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Parents are the back bone of a child’s life. They feed them, clothe them and decide what is best for them. But how do parents know what is best? Are children receiving the best possible food and nutrition?
There is a combination of factors why parents may have issues with what they feed their children. Time is a major issue. So is the feeling of guilt at having left them in the care of others. When it comes to trying new foods and flavours, parents are often not willing to have the arguments or to take the time to encourage children. It is far easier for them to provide foods which are quick and easy that they know their children like. Often snacks will be given that are unnecessary but reduce the feeling of guilt that the parent feels when picking up their child from your care. Overeating is a major issue as is snacking for comfort. Unwittingly, a lot of parents are encouraging a behaviour that will stay with the child for life. Also snacking on foods that are high in sugar is giving children unnecessary calories and contributing to weight gain. Tooth decay is also on the rise and this is attributed to children eating too many sugary, sweet snacks.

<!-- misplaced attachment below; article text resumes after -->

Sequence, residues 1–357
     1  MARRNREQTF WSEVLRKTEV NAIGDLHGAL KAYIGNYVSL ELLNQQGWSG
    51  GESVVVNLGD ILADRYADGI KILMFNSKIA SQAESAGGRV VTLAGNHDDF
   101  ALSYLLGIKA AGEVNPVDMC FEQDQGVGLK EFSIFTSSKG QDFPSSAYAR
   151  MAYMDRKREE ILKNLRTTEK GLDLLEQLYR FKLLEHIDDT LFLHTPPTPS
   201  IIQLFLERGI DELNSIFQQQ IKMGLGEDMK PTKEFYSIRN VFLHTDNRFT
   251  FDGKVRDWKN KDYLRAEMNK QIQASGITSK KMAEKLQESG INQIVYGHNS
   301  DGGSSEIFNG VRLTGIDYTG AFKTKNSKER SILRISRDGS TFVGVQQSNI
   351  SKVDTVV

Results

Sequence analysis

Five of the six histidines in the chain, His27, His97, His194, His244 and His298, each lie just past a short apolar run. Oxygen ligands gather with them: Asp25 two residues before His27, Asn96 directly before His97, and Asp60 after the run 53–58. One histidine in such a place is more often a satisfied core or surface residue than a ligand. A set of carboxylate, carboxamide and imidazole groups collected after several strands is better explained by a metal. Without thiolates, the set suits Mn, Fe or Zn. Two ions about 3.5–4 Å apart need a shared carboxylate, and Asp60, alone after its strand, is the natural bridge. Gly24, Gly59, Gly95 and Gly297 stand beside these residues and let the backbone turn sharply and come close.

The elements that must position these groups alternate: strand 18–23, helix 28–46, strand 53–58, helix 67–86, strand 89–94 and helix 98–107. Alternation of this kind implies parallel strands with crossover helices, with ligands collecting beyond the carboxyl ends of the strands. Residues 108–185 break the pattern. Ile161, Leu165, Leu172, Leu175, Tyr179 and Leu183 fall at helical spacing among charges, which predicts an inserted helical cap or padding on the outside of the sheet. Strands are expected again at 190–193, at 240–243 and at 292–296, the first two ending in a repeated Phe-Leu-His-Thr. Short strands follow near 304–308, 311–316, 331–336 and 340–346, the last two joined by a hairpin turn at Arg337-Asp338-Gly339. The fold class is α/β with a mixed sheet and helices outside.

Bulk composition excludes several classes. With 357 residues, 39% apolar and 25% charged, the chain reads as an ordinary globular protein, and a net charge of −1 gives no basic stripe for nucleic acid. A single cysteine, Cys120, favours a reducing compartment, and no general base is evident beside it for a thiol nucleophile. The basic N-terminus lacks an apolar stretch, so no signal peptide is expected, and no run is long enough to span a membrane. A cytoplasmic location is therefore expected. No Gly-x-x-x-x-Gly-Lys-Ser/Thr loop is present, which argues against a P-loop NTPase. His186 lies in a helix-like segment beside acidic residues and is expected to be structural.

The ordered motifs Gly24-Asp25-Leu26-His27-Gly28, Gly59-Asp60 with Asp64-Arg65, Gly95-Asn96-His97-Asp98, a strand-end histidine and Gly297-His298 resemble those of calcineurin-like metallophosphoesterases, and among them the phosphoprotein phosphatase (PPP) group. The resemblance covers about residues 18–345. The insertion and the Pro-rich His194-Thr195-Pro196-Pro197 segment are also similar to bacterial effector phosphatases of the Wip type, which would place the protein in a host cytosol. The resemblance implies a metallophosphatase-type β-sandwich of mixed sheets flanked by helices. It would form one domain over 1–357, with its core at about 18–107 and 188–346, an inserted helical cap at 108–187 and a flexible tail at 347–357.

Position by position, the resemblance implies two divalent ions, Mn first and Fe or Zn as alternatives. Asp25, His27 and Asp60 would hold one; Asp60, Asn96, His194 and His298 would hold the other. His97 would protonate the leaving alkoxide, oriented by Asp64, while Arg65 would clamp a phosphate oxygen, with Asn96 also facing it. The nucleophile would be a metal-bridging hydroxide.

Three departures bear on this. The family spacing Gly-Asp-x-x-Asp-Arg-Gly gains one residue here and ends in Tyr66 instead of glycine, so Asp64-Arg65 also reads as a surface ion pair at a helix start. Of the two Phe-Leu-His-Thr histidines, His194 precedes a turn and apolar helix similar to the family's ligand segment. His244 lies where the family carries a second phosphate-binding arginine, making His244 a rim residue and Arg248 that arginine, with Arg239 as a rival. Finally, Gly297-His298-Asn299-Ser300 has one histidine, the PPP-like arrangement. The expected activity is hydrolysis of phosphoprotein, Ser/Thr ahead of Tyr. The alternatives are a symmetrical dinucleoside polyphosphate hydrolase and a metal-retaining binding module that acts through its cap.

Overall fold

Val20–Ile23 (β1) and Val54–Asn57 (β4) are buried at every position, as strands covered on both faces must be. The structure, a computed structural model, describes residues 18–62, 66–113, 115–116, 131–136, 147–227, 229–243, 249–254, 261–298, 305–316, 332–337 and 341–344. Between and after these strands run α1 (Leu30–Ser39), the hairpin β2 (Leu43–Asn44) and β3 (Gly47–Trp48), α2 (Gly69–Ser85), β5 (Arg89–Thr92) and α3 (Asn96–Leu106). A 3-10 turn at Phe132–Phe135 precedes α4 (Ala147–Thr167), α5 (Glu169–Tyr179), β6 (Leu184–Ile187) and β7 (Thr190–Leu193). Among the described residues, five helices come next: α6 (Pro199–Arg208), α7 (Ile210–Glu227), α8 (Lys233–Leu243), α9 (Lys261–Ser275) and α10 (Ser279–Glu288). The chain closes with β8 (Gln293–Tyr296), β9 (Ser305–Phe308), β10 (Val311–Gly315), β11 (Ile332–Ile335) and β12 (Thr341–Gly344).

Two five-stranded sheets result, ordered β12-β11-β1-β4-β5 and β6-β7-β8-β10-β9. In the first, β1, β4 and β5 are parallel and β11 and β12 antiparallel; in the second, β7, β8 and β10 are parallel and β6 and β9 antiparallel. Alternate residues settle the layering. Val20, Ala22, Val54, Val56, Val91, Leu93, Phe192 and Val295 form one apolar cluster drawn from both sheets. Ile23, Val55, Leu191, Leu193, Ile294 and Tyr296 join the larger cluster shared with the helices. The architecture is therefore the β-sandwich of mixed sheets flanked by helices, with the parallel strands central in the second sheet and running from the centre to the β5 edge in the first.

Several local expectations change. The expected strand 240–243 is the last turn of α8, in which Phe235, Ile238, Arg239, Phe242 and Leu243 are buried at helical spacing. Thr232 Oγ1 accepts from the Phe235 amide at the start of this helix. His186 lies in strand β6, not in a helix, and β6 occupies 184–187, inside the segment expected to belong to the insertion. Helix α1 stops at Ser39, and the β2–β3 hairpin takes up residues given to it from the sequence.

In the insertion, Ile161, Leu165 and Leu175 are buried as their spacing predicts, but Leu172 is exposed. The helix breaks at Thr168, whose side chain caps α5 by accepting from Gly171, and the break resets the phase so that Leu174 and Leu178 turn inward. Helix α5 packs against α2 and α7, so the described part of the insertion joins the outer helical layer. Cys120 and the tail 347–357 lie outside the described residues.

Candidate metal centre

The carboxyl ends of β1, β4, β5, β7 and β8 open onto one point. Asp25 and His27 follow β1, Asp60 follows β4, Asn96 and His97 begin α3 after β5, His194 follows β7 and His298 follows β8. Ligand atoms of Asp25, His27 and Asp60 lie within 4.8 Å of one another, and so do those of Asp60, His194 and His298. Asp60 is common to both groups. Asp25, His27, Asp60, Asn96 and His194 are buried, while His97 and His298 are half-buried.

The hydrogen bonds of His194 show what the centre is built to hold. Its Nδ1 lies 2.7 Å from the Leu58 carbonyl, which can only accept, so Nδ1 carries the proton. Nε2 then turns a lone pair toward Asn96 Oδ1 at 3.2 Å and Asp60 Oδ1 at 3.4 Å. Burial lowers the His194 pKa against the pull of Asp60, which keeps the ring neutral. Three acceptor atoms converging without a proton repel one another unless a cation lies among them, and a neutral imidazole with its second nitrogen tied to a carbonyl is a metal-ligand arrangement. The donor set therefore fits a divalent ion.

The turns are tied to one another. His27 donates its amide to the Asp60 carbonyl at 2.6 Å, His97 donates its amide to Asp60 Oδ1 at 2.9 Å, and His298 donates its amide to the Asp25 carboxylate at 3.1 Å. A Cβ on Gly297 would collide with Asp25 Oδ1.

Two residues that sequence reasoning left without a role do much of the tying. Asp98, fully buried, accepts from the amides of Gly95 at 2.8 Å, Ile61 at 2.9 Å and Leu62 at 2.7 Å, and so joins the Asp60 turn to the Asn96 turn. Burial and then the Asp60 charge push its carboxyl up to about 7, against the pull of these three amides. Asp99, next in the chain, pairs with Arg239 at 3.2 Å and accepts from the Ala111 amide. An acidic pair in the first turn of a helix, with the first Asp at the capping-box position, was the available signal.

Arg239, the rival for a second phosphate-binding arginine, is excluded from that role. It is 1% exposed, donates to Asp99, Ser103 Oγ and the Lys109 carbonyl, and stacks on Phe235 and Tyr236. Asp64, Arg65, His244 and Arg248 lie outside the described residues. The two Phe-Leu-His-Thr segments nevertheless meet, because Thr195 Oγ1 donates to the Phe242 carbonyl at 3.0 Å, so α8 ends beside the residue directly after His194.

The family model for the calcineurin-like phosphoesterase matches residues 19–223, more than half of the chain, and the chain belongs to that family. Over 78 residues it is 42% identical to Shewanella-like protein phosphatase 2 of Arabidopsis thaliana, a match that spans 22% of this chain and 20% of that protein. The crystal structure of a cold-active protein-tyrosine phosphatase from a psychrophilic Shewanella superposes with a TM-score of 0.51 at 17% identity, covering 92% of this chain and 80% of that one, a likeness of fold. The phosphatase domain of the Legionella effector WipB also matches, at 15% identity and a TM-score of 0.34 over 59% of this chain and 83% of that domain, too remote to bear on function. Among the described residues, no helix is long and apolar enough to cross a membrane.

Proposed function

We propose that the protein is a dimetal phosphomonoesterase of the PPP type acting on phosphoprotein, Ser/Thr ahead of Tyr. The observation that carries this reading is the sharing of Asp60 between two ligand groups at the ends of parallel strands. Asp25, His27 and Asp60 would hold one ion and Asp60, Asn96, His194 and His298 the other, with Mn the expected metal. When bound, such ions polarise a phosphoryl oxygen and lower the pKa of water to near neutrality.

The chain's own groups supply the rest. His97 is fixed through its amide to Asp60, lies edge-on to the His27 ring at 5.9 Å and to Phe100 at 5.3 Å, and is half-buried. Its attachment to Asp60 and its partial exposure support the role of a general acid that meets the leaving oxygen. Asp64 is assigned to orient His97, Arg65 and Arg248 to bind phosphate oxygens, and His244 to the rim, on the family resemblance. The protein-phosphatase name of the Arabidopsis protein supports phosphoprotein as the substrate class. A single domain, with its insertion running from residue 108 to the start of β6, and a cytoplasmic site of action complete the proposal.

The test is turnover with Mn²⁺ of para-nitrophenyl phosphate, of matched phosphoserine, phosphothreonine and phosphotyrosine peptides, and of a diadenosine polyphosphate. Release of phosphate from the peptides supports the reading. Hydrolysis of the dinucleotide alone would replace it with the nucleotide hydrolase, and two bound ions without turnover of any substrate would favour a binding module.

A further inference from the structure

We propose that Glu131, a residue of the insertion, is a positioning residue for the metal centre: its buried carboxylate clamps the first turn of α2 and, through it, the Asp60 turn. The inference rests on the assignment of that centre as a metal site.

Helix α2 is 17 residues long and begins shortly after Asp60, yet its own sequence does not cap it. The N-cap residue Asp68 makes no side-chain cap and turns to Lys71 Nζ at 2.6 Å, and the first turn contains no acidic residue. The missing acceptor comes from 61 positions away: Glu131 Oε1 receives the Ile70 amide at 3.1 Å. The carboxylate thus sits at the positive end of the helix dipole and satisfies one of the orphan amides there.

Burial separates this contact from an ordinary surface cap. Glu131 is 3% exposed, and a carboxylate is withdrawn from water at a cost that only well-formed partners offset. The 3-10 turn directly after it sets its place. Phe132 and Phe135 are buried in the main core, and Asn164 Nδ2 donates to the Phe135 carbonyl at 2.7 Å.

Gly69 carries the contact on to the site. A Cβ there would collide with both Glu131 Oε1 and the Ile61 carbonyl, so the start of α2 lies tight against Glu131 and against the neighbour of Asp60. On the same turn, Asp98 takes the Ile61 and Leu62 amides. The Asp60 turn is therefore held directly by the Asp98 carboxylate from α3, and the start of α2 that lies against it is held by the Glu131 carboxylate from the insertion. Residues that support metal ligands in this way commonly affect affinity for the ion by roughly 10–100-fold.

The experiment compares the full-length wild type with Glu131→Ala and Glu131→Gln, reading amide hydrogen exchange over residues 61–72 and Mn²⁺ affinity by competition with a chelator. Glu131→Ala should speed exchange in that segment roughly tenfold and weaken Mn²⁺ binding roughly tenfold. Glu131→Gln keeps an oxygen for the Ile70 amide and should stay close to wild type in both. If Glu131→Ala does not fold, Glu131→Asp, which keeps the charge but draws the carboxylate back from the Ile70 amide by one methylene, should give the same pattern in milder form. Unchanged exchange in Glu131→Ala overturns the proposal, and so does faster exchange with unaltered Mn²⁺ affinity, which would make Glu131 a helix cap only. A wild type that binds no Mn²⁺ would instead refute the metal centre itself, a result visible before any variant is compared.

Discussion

Parents need to be informed about the best foods to give their children. Advice should be available to inform them of the implications of their food choices. A survey commissioned by the Infant and Toddler Forum gave a fascinating insight into the eating habits of young children today. The survey looked at what 1000 parents with children aged between 6 months and 3 years gave them to eat and drink.
15% are fed adult convenience foods or ready meals for most meals
29% are eating takeaway meals at least once a week
29% have chocolate or sweets almost every day
23% have crisps almost every day
16% have fizzy drinks almost every day
By 2050 the Foresight Report (commissioned by the Department of Health) estimates that Britain will have a population that is mainly obese. This is an alarming statement, but the trend is already here. Although obesity is not caused by food choices alone, being educated about the implications of giving children unhealthy foods is vital. As nursery managers you play an important role in many children’s early years. Some of the responsibility must fall onto your shoulders to help to support and educate parents. Working with parents you can ensure the best healthy start for the children who are in your care.
The difficulty from a nursery point of view is how to go about taking this responsibility. You can give guidance as what parents should be feeding their children. You can decide what food and drink you serve the children in your care, giving them an opportunity to try new foods.